A vegan starter’s guide – An interview with Karry Hedberg

Karry Hedberg has been an animal rights activist all his adult life. In 2015, he became the owner of the vegan product shop Vegekauppa in the capital city of Finland, Helsinki. He is also involved in organizing the yearly vegan festival Vegemessut.

We spoke with Karry to find out what each of us can do to live more consciously when it comes to animal rights:

Reducing animal-based products in your daily life is a big step into the right direction.

And we are not just talking about animal rights here. Recent studies have shown that reducing meat and milk products is the most effective way to battle climate change meaningfully. So why not try switching – at least partially – to plant-based products instead? “For example, just substituting meat with soy-based products is actually really effective”, says Karry Hedberg. He recommends finding out more about different substitutes for animal-based proteins and eggs.

A vegan lifestyle has actual effects on your health. Studies also show that a vegan diet brings many health benefits that have to do with reducing or giving up meat and dairy products. Vegans have less heart diseases, cancer and diabetes than regular carnivores. In short, vegans tend to live longer than meat eaters.

Mass-produced meat – which is normally what we eat when we buy meat in a supermarket or restaurant – often involves in its production the use of medicines, such as antibiotics. Some of them make it into humans with the meat they eat or the milk they drink.

Studies show that humans have no real need to eat meat, as they can get all the amino acids their bodies require from plant proteins.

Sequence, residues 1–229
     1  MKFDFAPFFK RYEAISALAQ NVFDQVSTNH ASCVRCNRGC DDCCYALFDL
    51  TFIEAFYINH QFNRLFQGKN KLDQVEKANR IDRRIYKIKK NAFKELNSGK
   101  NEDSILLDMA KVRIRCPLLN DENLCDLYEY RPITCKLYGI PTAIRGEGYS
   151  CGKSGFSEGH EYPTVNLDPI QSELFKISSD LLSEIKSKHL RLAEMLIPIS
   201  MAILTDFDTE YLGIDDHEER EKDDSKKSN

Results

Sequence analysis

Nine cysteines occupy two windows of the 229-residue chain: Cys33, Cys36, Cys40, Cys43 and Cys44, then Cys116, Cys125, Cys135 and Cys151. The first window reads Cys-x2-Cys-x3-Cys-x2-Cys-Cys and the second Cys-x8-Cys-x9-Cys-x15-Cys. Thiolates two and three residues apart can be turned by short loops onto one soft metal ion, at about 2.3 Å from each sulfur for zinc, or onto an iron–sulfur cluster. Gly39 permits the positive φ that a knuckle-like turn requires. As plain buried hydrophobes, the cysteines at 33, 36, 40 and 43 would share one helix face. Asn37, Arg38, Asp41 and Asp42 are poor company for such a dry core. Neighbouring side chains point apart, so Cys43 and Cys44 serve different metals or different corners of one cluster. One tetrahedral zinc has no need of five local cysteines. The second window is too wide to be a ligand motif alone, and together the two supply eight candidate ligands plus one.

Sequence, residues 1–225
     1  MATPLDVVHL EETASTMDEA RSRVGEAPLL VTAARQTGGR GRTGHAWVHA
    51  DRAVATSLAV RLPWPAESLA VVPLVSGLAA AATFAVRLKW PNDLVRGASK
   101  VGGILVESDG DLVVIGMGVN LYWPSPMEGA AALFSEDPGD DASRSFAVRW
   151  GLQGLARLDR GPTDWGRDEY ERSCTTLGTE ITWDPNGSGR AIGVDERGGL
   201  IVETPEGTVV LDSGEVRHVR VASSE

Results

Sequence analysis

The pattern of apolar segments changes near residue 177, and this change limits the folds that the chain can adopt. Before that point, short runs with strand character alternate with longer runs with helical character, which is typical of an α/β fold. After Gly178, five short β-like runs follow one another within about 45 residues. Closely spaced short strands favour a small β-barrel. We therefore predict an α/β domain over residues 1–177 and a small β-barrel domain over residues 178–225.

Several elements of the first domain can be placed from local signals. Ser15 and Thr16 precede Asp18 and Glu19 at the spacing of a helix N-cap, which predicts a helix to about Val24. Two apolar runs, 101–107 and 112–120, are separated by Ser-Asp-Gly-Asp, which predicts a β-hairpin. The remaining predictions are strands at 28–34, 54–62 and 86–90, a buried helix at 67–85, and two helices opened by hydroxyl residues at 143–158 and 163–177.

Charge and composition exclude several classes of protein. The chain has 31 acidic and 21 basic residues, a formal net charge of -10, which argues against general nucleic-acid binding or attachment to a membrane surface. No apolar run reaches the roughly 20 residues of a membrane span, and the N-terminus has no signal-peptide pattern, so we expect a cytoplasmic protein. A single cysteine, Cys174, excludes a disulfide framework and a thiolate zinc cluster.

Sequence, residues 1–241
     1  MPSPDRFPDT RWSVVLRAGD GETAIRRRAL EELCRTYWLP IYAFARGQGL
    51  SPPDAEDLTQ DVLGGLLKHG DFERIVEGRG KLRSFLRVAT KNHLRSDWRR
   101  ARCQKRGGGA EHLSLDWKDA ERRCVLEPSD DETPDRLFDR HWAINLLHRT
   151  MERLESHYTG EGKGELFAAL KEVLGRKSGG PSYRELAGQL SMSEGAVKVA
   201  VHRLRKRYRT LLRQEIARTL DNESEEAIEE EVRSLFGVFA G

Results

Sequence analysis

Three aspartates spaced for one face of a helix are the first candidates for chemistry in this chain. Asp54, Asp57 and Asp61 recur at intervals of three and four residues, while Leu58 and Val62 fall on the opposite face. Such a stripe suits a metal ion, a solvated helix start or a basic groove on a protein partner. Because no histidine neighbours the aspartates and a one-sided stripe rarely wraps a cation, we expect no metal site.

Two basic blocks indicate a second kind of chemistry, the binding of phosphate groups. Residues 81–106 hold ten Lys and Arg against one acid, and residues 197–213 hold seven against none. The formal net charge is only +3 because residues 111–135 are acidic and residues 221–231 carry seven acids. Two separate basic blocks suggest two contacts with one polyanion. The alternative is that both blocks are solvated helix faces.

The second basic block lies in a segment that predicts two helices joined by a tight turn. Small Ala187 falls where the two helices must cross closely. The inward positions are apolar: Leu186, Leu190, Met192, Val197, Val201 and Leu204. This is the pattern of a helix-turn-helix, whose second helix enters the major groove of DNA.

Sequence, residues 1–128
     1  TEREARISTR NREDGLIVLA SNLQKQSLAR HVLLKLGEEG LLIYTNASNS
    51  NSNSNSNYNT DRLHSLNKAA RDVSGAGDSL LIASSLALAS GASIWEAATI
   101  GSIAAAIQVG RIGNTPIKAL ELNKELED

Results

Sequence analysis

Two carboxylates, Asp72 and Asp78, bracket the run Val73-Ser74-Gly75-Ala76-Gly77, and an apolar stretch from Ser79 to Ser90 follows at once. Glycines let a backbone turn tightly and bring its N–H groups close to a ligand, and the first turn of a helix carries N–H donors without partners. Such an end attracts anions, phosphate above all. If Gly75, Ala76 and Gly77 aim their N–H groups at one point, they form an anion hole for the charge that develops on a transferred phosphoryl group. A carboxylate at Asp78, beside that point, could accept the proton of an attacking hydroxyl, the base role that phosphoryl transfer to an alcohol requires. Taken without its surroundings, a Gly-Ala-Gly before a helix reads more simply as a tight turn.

It pays off to get in contact with a local animal rights group. Depending on the country, different issues might be crucial when talking about animal rights. In general, the Western world is very reliant on mass production of meat, eggs and milk, which cause a lot of pain and agony to the production animals. In a few European countries also fur farming is still allowed, and animal rights groups campaign to end the practice of growing minks and foxes in small cages for their fur.

In addition, the use of animals in testing (e.g. cosmetics) is highly disputed and ruled illegal in many countries.

Animal rights groups are often the ones who know best which are the most pressing issues, and arrange campaigns to draw decision-makers’ attention to them. Why not help them give out leaflets or distribute a petition online? You might also learn something about political lobbying as well.

Talk with friends and family about animal rights. Karry Hedberg suggests to engage with people in conversations about animal rights and see how they justify the use of animal products. “It’s part of our culture and society that we use animal products. Guilting people into it is not good, but just talking with them and keeping the subject on the table is already a start”, Hedberg says.

It’s never been as easy as it’s today to become vegan. With vegan stores like Finnish Vegekauppa and many others emerging in cities across the world, getting your hands on vegan products is much easier than it was a decade ago. New, tasty products make it less difficult to at least give a more animal-friendly lifestyle a try!

Want to know more? Check out these links for further reading:

Avoiding meat and dairy is ‘single biggest way’ to reduce your impact on Earth

The Vegan Society: why go vegan

I love vegan: Transitioning to a vegan lifestyle

The Guardian: 1o ways vegetarianism can help save the planet

Global Citizen: 9 ways veganism is helping the planet

Blog: Vegan strategist

New Vegan Shopping List for 2018

Recommended books:

Tobias Leenaert: How to Creat a Vegan World 

Peter Singer: Animal Liberation

Jonathan Safran Foer: Eating Animals

 

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